The theological understanding of how lament “works” comes down to the mystery of God. How is it possible, as Thomas asks, to persuade a perfect, unchanging, omnipotent, impassable God to do anything, much less move God to act? In the end, Thomas notes, it is both difficult and speculative to determine the mechanisms of the inner working of God. Scripture simply does not disclose God’s inner life in full. When and how God answers, Thomas says, is on the basis of God’s divine prerogative. That God hears and knows our distresses and our prayers is foundational to our faith. But God is not bound to our requests.
In the end, when people of faith express their pain or suffering through lament, they are, as Habakkuk did (1:2-4), honestly and fearlessly placing their distress at the feet of God and awaiting God’s response.
Some experiences with faith and healing
The mystery of how prayer and faith come together in the pursuit of healing and wholeness is revealed in the experiences of these Presbyterians.
The mystery of prayer. Robert J. Barrett, now serving as pastor of Yachats Community Presbyterian Church in Yachats, Oregon, was ordained to the position of chaplain in the Wesley Medical Center Clinical Pastoral Education program in Wichita, Kansas, and served there for several years.
Barrett lifts up some of the questions associated with the interplay of prayer, faith and healing: “I have always had an awkward relationship with prayer. I’m not certain I believe in it, it simply doesn’t make sense, at least not intercessory prayer, not prayer for healing. The problem for me is: How and why does God decide which prayers to answer? Why answer the prayers of one but not another? Is it the faithfulness of the pray-er? The number of people praying? The faith of the person being prayed for? What do we say to the person whose prayers weren’t answered? What do we say when others are healed?”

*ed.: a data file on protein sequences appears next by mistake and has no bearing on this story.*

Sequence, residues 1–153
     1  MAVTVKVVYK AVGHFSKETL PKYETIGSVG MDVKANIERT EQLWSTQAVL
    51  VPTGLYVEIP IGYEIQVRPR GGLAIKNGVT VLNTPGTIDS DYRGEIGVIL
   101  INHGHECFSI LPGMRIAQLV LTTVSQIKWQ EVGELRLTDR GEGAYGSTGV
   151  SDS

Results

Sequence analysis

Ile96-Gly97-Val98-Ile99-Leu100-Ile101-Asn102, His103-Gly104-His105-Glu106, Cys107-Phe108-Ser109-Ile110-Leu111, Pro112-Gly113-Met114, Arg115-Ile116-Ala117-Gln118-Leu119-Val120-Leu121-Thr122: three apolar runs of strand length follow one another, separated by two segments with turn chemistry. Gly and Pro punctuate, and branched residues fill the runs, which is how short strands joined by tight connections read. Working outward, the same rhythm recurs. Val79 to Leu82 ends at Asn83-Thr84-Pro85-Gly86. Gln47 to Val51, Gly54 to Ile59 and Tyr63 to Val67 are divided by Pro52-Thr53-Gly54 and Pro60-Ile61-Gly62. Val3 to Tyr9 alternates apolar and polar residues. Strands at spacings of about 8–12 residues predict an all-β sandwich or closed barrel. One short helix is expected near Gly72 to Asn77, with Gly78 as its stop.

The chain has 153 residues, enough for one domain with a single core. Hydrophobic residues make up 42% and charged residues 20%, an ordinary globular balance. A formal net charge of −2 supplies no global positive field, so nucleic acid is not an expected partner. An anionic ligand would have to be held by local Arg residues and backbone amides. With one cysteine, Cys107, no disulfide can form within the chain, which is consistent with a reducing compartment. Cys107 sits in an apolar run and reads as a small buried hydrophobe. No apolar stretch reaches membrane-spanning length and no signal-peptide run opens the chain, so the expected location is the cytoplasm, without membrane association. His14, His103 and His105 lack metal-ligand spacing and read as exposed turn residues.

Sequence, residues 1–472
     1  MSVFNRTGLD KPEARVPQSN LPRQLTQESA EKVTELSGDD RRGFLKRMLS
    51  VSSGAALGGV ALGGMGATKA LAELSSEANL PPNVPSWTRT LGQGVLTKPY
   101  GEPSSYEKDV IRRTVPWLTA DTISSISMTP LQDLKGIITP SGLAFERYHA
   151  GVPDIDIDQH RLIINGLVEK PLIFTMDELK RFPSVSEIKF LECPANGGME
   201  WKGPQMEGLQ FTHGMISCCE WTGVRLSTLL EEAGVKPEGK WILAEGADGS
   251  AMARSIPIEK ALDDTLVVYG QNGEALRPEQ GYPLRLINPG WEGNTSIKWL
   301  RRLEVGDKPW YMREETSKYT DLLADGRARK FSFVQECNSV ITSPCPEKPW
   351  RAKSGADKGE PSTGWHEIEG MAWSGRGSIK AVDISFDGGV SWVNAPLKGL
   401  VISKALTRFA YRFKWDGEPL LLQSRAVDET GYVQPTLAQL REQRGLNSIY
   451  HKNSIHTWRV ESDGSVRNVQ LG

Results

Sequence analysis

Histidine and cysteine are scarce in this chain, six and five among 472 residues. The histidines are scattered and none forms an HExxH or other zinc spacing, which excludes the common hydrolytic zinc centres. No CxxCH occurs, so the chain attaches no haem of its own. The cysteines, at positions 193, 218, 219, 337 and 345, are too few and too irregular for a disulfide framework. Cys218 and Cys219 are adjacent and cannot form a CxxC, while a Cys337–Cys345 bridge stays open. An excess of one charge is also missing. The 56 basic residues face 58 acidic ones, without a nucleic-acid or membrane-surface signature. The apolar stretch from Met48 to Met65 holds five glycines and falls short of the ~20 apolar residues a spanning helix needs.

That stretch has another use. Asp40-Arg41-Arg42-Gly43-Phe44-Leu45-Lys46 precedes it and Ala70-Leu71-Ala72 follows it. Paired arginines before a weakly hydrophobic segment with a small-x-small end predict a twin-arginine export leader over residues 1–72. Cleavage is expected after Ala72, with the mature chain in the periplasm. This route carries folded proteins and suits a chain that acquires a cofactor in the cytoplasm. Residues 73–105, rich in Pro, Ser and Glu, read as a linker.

He continues: “And yet I pray. I pray because we are commanded to. I pray because that’s my job.”
Once, while working as a chaplain, Barrett received a request from a husband for prayers for his wife, who had been hospitalized for months with sepsis. Barrett had not met the couple before that day. He learned that their background was Baptist and Pentecostal. The husband was requesting “a powerful prayer of healing – total healing.”
Barrett recalls that he prayed “a powerful Bapticostal prayer” and left for the evening. The next morning, while making his rounds, he saw the man and his wife walking in the hall – the woman’s first time out of bed in months. When the woman saw Barrett she began crying, saying her fever had broken and she had slept through the night for the first time in memory. The husband thanked Barrett and asked him where he had learned to pray like that, certain that God had heard his prayer. To this day, Barrett remains at a loss to explain or understand how or why that prayer “worked.”
The eyes of faith. Joshua Andrzejewski serves as chaplain for pediatrics and women’s health at Virginia Commonwealth University Medical Center in Richmond, Virginia. Andrzejewski observes: “I’ve come to realize that, while physical restoration may not be possible, healing always is. Healing takes place when the parents of a dying child, who were previously unable to be in the same room, can come together to hold and comfort him in his last moments. Healing takes place when a grieving wife is able to agree to donate her husband’s organs mere moments after he is declared dead. Healing takes place when an 8-year-old says, ‘Cancer is like Goliath, and I’m like David.’”
Faith, Andrzejewski believes, gives us the eyes to see these different types of healing. He comments: “I often encounter situations in which a family is insistent [that] ‘God will heal our child.’ The family will pray fervently, quote passages of Scripture, perhaps even speak in tongues. The medical team, knowing the devastating diagnosis and poor prognosis, worries, ‘What will happen to their faith when this child dies?’ In my experience, families who draw on faith to cope with a child’s illness will draw on that same faith to cope with a child’s death. The flurry of religious activity is a ‘spiritual code.’ Just as the doctors do everything they can think of to resuscitate the child, the family does everything they can think of to care for the child’s spirit. Having done all they can, the family – while devastated – is not left wondering, ‘What if we had prayed more?’”